(CN) — Lockdowns are becoming Europe's weapon of last resort as it fights a surge of the novel coronavirus, with British Prime Minister Boris Johnson becoming the latest leader to announce a national lockdown.
For now, Europe's lockdowns are not as strict as those imposed in the spring after the novel coronavirus was discovered to be spreading quickly in northern Italy. Instead of shutting down nearly everything, European leaders are experimenting with curfews, the closing of some businesses, such as bars and gyms, and restricting travel.
On Monday, Germany joined France, Spain, the Netherlands, the Czech Republic, Belgium, Italy, Portugal, Greece, Austria and Ireland in enforcing nationwide restrictions. On Saturday, Johnson said England too would be placed under a lockdown starting Thursday.
“We need to take the heat out of this epidemic right now in Europe and governments have limited options right now in how to do that,” said Dr. Mike Ryan, the emergencies chief at the World Health Organization, during a news briefing on Monday.
Maria Van Kerkhove, the WHO's technical lead on the pandemic, said the health systems in North America and Europe, epicenters in the pandemic, are struggling to deal with a sudden wave of infection.
“One of the challenges we're seeing across North America and across Europe is that the increases in cases, the increases in hospitalization, the increases in ICU are happening at the same time,” she said. “In the spring, there was some staggering of this increase; but it's happening in many countries at the same time where many systems are becoming overwhelmed at the same time.”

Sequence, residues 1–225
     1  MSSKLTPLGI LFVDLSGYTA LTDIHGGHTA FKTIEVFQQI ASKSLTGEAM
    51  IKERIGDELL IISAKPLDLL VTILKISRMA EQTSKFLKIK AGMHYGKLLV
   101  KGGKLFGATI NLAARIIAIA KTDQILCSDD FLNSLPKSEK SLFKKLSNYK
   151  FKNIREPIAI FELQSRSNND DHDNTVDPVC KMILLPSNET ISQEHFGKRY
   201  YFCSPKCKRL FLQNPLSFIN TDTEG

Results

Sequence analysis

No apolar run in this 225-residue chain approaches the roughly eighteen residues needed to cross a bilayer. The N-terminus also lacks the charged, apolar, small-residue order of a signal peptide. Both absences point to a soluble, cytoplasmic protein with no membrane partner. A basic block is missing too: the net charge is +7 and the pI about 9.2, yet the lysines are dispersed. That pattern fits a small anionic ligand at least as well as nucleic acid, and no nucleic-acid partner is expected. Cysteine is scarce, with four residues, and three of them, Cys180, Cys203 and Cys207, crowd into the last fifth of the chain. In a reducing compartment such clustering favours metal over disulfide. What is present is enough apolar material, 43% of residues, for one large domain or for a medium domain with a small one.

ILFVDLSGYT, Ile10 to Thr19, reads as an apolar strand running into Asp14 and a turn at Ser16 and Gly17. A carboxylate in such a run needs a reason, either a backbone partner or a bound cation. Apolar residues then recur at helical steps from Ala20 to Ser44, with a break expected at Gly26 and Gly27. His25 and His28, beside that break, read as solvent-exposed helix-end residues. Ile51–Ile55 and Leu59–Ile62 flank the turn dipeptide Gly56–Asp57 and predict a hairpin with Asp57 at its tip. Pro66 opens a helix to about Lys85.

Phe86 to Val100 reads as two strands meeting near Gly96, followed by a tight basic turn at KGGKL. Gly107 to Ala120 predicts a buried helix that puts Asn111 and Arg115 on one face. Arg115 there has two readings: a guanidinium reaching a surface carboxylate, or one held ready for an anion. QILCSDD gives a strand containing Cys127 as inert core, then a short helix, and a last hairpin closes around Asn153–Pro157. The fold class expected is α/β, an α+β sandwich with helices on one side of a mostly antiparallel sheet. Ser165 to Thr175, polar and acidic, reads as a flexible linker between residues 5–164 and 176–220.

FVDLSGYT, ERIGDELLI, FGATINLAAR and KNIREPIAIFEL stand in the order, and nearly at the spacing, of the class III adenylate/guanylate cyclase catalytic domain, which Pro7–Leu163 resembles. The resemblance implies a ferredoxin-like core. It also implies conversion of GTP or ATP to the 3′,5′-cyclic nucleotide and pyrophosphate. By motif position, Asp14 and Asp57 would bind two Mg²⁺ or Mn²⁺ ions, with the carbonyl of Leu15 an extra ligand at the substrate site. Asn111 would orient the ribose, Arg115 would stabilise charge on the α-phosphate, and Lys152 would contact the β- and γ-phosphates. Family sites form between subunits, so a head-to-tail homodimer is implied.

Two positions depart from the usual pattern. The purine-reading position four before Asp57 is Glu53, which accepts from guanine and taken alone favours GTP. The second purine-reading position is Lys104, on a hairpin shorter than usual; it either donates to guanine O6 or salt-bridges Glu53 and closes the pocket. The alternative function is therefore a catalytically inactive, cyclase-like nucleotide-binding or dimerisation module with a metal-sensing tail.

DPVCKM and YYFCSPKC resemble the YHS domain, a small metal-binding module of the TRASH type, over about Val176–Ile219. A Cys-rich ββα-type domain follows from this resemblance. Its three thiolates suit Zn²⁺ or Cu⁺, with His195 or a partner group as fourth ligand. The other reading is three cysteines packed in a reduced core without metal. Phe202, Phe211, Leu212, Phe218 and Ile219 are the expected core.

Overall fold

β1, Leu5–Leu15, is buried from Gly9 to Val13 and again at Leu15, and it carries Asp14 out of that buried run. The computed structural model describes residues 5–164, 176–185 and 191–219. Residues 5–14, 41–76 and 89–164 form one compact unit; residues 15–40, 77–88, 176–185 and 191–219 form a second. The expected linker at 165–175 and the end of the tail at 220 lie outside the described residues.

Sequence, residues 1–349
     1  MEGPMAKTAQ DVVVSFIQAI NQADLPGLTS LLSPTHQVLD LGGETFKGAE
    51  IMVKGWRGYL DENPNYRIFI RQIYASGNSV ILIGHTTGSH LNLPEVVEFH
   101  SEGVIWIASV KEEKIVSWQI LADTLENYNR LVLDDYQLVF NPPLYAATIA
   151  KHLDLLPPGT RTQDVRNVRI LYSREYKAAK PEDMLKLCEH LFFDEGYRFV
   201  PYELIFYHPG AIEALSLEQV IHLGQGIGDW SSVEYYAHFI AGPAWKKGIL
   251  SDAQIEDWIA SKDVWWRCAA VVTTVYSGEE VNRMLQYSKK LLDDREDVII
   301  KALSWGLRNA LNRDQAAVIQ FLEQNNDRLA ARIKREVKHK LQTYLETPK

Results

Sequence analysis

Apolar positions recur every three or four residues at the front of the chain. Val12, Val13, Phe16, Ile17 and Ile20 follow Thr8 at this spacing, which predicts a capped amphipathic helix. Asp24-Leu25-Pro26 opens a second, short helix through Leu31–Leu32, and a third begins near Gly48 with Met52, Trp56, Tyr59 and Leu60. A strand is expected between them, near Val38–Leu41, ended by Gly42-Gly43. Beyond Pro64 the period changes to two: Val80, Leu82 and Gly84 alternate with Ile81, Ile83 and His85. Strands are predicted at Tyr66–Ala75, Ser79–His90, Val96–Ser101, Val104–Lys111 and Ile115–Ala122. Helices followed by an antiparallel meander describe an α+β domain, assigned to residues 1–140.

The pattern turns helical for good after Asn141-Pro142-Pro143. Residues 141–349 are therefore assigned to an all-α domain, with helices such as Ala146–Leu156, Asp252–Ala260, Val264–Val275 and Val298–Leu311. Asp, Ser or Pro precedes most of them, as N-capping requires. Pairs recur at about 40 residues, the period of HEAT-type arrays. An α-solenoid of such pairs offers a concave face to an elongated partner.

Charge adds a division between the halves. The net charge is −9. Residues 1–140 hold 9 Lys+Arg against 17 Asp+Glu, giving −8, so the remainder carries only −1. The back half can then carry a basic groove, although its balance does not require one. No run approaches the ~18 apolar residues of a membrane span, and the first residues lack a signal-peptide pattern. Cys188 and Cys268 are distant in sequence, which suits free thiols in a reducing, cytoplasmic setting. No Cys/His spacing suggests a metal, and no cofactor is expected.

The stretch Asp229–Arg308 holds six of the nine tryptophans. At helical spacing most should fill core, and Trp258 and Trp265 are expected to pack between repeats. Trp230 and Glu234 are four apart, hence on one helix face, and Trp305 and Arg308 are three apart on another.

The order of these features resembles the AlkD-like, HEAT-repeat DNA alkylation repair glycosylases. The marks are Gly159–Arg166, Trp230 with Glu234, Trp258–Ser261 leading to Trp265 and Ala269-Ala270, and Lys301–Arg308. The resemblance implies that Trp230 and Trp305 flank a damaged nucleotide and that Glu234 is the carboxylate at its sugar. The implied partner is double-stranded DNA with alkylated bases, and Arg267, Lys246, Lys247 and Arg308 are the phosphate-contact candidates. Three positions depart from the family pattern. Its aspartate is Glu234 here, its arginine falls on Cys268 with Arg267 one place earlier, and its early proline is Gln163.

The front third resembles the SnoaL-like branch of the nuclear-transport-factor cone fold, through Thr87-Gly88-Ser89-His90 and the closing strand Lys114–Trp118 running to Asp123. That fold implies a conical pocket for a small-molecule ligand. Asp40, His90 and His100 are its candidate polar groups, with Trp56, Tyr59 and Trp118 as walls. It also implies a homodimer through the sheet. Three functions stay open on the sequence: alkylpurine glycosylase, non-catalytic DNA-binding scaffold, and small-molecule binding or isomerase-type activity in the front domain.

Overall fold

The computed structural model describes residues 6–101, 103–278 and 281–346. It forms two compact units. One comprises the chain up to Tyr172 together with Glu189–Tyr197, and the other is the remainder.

Unlike the first wave when nations were largely dealing with major outbreaks in limited geographic areas, this second wave is more difficult to handle because nations are fighting outbreaks in many places at the same time, she added.
“So that poses challenges for countries that were able to move facilities and move workforce around to help manage the most intense areas” during the first wave, Van Kerkhove said.
The WHO, the United Nations health agency leading global efforts to curb the pandemic, is dealing with its own coronavirus problems. On Monday, the WHO director-general, Tedros Adhanom Ghebreyesus, said he placed himself into self-quarantine after coming into contact with someone infected by the coronavirus. The WHO is based in Geneva and Switzerland is reporting a steep rise in cases.
“I am well and without symptoms but will self-quarantine in coming days in line with protocols,” he said during the news briefing.
The WHO said its Geneva headquarters was not seeing any infections on its premises. Staff are tested and screened on a regular basis, WHO officials said.
He also used his situation as an example of proper behavior and a teachable moment.
“At this time, it is critically important that we all comply with health guidance; this is how we will break chains of transmission, suppress the virus and protect health systems,” he said.
The health agency's experts say a major failure in Europe has been a breakdown in ensuring infected people and those potentially infected are in quarantine. For months, the health agency has been telling governments they must invest heavily in testing people for the virus and then rigorously quarantining anyone who is infected and also track down people who came into contact with an infected person, test them too and ensure other infected people are placed in isolation.
Asian nations are held up as models of this system of testing and contact tracing and many experts credit this ability as the key to their success in keeping the number of infections far lower than in North America and Europe.
“For me, the big missing link in what’s going on in many European countries is management of isolation,” said Dr. Margaret Harris, a health expert and spokeswoman for the WHO, in an interview with The Guardian newspaper. “That’s not just isolation of people who are sick – it’s isolation of people who have contacts and are first-degree contacts.”
Tedros said the new wave of infection in Europe and North America should propel governments to boost their public health systems further.
“There is an opportunity now to build stronger systems,” he said. “Ensuring that quality testing, tracing, treatment are implemented are key.”
Courthouse News reporter Cain Burdeau is based in the European Union.
Read the Top 8
Sign up for the Top 8, a roundup of the day's top stories delivered directly to your inbox Monday through Friday.